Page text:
Democrats say they haven't yet made final decisions on which tax cuts will stay and which will go, and they maintain those tax cuts that are extended will be offset by tax increases elsewhere or by spending cuts. In other words, the budget resolution doesn't provide enough specifics to know the net effect on taxes, up or down. [PolitiFact.com, 4/7/08]

PolitiFact: Budget Resolutions Cannot Change Tax Law. According to the non-partisan PolitiFact.com in its fact check of Sen. John McCain's claim that Democrats's budget resolution would raise Americans' taxes: "First, budget resolutions don't have the force of law; the majority party uses them both to make a political statement and to set nonbinding parameters for considering tax and spending legislation. So it's technically incorrect to say the budget resolution will raise, lower or even keep taxes the same. The documents cannot change tax law." [PolitiFact.com, 4/7/08]

It Was Republicans Who Set An Expiration Date For The Bush Tax Cuts

Time: Congress Wrote Tax Law To Expire After 2010 Because It Made Cuts Appear Cheaper. According to Time:

Topping the list of odd features is the "sunset" provision that repeals the entire bill at the end of 2010. Budget rules require Congress to include a sunset clause in all major tax legislation, but this sunset arrives a year early--after 10 years instead of the 11 years covered by the current budget resolution. That year was shaved off to keep the total cost of the bill under $1.35 trillion. By repealing the legislation in the 10th year, Congress saved billions of dollars. Without the repeal and a few other tricks, the cost of the full 11-year plan would balloon to more than $1.8 trillion by the end of 2011, far exceeding anything the Democrats would vote for. And the cost in the second decade would reach as much as $4 trillion. Even some conservatives on Capitol Hill are dismayed by the apparent dishonesty of the early sunset. After both parties agreed to a smaller tax cut, the conference committee pulled a fast one.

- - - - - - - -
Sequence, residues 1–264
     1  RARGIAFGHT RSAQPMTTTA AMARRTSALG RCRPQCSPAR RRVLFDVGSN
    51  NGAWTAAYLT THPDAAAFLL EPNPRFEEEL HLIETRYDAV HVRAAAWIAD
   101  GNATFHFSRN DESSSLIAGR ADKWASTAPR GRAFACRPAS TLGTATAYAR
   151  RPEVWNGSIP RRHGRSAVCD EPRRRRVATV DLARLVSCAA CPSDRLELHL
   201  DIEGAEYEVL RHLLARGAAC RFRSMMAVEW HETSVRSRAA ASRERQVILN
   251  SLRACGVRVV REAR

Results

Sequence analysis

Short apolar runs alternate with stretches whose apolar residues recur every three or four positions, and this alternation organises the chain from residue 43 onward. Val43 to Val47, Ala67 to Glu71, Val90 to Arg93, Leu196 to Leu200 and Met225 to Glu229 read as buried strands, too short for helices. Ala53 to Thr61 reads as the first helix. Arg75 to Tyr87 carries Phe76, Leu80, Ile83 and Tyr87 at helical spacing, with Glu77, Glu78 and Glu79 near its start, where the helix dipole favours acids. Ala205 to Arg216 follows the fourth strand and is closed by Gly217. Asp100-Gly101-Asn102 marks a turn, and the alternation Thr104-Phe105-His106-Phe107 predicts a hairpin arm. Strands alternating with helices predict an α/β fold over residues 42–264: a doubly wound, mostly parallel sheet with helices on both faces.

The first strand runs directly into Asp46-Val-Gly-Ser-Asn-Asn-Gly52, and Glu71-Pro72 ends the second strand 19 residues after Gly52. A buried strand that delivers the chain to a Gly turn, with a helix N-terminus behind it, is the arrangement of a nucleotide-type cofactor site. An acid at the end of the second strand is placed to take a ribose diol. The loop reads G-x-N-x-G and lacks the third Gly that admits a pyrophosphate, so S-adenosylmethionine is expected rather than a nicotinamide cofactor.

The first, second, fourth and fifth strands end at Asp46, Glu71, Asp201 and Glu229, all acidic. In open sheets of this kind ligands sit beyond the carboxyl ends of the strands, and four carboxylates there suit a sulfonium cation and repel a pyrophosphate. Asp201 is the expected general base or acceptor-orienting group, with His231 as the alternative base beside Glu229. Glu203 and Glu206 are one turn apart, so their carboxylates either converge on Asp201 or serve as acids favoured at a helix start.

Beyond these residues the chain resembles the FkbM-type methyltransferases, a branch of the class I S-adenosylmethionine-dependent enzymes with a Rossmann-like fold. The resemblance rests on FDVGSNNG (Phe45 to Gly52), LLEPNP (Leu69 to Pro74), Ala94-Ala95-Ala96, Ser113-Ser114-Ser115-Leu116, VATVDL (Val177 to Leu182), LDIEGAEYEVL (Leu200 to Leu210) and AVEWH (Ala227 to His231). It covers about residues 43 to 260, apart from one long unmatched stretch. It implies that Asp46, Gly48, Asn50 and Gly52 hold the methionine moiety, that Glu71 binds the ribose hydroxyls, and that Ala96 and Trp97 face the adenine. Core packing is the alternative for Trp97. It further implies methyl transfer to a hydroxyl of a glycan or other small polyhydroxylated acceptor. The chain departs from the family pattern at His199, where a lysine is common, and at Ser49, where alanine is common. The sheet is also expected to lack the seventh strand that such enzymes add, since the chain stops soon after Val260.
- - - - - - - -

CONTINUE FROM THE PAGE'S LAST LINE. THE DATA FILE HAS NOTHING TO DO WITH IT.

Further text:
[Time6/3/01, emphasis added]

American Enterprise Institute: Reconciliation "Ploy" To Pass Bush Tax Cuts Means They Expire After 10 Years. According to Norman Ornstein, resident scholar at AEI:

It is worth repeating why we are in this particular car heading toward the cliff. When the Bush tax cuts were on the agenda at the very beginning of his presidency, Republicans in Congress and the White House made a tactical choice to avoid giving Senate Democrats the leverage that a 60-vote hurdle can provide by employing reconciliation (yes, the same tool that those who applied it then condemned roundly when it was used for health care reform this year). It was tricky to use reconciliation for tax cuts, which increased deficits when reconciliation was specifically supposed to be used for revenue-neutral or deficit-reducing programs. But the decision was made to use it for this purpose--but not to violate the proviso that the plan would increase deficits outside the budget window of 10 years.